Centrosomes are microtubule-organizing centers that facilitate bipolar mitotic spindle assembly and chromosome segregation. Recognizing that centrosome amplification is a common feature of aneuploid cancer cells, we tested whether supernumerary centrosomes are sufficient to drive tumor development. To do this, we constructed and analyzed mice in which centrosome amplification can be induced by a Cre-recombinase-mediated increase in expression of Polo-like kinase 4 (Plk4). Elevated Plk4 in mouse fibroblasts produced supernumerary centrosomes and enhanced the expected mitotic errors, but proliferation continued only after inactivation of the p53 tumor suppressor. Increasing Plk4 levels in mice with functional p53 produced centrosome amplification in liver and skin, but this did not promote spontaneous tumor development in these tissues or enhance the growth of chemically induced skin tumors. In the absence of p53, Plk4 overexpression generated widespread centrosome amplification, but did not drive additional tumors or affect development of the fatal thymic lymphomas that arise in animals lacking p53. We conclude that, independent of p53 status, supernumerary centrosomes are not sufficient to drive tumor formation.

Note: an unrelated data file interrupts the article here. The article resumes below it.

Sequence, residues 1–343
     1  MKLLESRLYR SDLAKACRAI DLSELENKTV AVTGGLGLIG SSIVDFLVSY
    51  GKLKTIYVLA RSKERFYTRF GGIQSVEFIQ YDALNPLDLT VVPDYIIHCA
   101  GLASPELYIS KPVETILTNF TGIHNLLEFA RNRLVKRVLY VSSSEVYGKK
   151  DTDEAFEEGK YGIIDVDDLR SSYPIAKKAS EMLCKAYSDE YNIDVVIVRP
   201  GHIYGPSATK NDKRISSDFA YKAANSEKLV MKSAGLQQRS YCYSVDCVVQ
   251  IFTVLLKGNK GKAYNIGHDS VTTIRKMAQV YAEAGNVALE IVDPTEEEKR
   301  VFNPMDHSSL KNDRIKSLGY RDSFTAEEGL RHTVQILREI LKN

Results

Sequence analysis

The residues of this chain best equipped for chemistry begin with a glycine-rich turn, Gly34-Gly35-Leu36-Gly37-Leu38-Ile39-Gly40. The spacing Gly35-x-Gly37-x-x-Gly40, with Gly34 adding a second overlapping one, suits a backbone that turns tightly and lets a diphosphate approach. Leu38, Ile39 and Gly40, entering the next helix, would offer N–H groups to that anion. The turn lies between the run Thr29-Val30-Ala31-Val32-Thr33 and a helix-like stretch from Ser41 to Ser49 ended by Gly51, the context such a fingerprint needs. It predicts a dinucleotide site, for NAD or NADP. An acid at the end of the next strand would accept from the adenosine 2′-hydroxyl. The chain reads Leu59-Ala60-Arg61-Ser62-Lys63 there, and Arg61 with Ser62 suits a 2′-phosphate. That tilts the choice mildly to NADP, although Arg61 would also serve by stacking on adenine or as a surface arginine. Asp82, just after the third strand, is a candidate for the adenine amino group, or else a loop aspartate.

Keywords: Plk4 kinase; centrosome amplification; p53; tumorigenesis.